Please consider adoptingWe all have the image in our heads of our children playing with a new puppy. But the same joy and bonding can come from adopting an older dog. When you adopt, you can teach your kids the value of rescuing and caring for animals that have been neglected. What's more, adopting is also a way to show support for shelters rather than puppy mills who often breed puppies in poor conditions.
Guidelines for dogs and your home
- If you have a small home and yard, get a small dog or an older, low-energy dog
- Likewise, take the dog on lots of walk to make up for missed exercise in the yard
- If you have a wooded yard be extra vigilant about ticks and fleas
- Training never ends for you or your dog. Make sure you are constantly working with your dog
It's many homeowners' worst fear to come home to a water disaster in their home. Water damage can cost thousands to repair and will include a lengthy process in order to adhere to safety standards, potentially disrupting your home life for weeks. In this article we'll give you tips on how to avoid water damage and what to do when you discover it.
Water damage vs. flood damageMany people are unaware of the difference between water damage and flood damage. Water damage can occur when you have plumbing issues such as a leaking pipe or overflowing bath tub. Flood damage, on the other hand, is defined by FEMA as an "overflow of inland or tidal waters, unusual and rapid accumulation or runoff of surface waters," or even mudflow. Flood damage tends to be the more costly and the more dangerous of the two, as it puts home inhabitants at serious health risk. Part of the stipulation in differing between the two types of damage is insurance coverage; water damage is often covered by homeowner's insurance whereas flood damage is not.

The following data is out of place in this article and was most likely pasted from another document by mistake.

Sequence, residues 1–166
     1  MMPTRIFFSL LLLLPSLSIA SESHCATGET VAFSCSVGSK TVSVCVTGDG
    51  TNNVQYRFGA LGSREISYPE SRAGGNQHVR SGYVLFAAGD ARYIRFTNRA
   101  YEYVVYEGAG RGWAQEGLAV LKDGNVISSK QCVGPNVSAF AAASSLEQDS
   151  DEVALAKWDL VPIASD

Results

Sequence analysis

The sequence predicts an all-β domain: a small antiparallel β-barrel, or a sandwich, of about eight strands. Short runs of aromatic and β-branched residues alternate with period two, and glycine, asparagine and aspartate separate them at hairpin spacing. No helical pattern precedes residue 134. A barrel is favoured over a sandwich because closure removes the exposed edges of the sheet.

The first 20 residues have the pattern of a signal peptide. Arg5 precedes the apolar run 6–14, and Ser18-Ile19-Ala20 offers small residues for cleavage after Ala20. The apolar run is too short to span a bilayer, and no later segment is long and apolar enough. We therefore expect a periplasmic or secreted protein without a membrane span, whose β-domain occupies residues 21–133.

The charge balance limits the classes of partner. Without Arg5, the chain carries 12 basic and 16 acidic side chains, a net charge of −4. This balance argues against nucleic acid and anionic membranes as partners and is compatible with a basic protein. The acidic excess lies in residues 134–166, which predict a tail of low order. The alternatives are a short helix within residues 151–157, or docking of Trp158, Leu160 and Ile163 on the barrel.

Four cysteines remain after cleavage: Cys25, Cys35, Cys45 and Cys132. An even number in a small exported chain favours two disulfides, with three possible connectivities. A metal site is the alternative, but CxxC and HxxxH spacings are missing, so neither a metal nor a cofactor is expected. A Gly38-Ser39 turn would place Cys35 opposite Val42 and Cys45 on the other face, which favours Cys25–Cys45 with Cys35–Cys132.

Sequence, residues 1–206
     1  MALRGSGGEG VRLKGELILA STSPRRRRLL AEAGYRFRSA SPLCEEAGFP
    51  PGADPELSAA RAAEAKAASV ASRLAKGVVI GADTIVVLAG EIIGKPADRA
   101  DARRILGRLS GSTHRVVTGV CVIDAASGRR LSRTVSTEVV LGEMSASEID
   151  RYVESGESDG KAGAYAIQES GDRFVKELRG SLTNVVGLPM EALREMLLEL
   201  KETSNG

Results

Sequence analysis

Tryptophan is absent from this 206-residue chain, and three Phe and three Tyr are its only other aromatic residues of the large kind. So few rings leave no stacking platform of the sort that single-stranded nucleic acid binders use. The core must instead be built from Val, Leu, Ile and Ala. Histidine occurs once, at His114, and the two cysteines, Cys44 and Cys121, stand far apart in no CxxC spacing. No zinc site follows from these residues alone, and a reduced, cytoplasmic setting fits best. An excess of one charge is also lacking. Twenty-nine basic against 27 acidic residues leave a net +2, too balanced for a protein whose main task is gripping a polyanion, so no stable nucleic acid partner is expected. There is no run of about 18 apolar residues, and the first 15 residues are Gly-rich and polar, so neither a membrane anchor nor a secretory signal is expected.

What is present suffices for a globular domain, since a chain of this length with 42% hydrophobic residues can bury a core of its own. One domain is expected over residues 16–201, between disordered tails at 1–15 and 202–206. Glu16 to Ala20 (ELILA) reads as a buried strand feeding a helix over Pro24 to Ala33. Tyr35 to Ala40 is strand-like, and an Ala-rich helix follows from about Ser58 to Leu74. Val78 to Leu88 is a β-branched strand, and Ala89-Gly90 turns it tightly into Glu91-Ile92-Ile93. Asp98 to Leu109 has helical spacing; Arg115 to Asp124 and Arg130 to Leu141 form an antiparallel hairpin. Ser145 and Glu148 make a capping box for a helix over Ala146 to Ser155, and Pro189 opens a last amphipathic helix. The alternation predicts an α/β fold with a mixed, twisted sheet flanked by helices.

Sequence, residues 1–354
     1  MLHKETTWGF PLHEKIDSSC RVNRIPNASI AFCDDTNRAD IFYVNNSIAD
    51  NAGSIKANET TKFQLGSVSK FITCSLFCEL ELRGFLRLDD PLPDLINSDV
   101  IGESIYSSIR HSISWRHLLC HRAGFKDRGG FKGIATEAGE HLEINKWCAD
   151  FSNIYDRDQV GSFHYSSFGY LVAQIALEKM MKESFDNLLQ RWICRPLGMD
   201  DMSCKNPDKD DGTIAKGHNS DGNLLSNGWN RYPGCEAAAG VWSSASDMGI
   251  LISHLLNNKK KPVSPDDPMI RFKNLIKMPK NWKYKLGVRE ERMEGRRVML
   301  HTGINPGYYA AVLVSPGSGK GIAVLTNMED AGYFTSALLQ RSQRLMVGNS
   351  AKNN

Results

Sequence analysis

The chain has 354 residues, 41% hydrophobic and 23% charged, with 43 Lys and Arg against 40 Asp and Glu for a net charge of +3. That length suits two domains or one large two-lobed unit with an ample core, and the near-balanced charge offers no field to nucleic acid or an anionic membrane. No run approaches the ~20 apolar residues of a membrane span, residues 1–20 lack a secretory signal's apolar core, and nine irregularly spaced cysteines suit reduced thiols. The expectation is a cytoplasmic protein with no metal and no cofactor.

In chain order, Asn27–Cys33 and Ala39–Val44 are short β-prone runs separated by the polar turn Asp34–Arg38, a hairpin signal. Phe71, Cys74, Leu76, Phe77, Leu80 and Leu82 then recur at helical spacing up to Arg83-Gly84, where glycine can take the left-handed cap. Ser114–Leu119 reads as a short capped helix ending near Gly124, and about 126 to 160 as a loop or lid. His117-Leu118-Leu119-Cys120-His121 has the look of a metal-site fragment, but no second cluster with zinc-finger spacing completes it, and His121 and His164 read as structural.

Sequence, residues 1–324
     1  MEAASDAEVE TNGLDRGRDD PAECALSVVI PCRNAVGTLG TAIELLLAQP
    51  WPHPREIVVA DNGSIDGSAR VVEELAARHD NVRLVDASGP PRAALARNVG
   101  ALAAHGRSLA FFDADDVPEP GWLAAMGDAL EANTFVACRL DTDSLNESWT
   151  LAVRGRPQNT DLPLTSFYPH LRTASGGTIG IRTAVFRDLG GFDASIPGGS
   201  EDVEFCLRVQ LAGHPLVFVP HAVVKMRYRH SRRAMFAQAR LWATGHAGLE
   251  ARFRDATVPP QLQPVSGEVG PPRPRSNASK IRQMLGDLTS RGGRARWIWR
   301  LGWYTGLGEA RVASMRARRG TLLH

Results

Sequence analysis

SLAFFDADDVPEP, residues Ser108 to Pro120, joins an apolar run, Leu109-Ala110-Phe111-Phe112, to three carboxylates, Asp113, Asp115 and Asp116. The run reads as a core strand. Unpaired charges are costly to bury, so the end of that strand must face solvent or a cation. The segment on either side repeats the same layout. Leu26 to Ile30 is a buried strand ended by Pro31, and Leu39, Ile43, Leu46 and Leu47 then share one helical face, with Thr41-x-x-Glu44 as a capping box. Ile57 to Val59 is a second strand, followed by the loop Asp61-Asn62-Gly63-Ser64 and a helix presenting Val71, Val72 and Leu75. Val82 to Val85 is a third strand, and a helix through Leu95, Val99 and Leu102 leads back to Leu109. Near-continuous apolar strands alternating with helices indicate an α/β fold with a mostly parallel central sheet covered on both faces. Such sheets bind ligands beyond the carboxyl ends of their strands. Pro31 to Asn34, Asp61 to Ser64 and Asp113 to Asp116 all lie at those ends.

Avoiding water damageTo avoid costly and time-consuming repairs, follow these steps to prevent water damage from occurring in your home:
- Keep your gutters clean to avoid backups and drainage issues
- divert rain water away from your house with downspouts
- Disconnect hoses and turn off their water supply when temperatures drop to freezing overnight
- Don't leave water using appliances running while you are away from home for extended periods of time
- Keep up with maintenance on your dishwasher, washing machine, toilets, and tubs
- Turn off your water main when you go away on vacations
- Check the water pressure to your home. High water pressure can be nice in the shower, but pressures too high can cause your plumbing to fail
- Check regularly for leaks. Some water damage may go unnoticed for weeks or months, which subjects you to another danger: mold
What to do if you have water damage in your homeIf it's too late for prevention and you've discovered water damage in your home there are several steps you'll need to take to ensure the safety of your home.
- Turn off electronics in the affected area. If possible switch off power to whole the whole section of your home at the circuit breaker. This first step is to ensure your own safety. Once you've turned off power to all potentially dangerous electronics, you can move on to the next step.
- Remove electronics and other perishable items from the area. If you remove the items soon enough you might be able to salvage them by drying them out.
- Soak up the bulk of the water. You can do this the old fashion way by using towels and buckets. Or you can use a wet/dry vacuum cleaner to suck up the water from rugs, carpets, and other surfaces.
- Dry the area completely. To avoid mold, use fans and a dehumidifier to fully dry out the area.
- Disinfect. Spray the area to remove any bacteria that may have accumulated due to moisture.
- Contact the professionals. A contractor will be able to tell you the full extent of the damage and whether any serious repairs will need to me made.
Once you've lived in your home for a while it's easy to become relaxed on security. Maybe it's because you live in a safe neighborhood, or maybe you just have a habit of not locking doors. Regardless of the reason, practicing good security can pay off in a huge way protecting yourself, your family, and your belongings from harm. In this article, we're going to cover some home security basics that you might be forgetting and help you build a habit of taking care of them. Read on to learn some tips for security at home.
Safety hazardsSome of the most common safety hazards to your home are completely preventable. Hazards like fire and carbon monoxide are both easily averted by safe practices when it comes to cooking, electronics, and using open flames of any kind. Follow these tips to protect yourself from fire: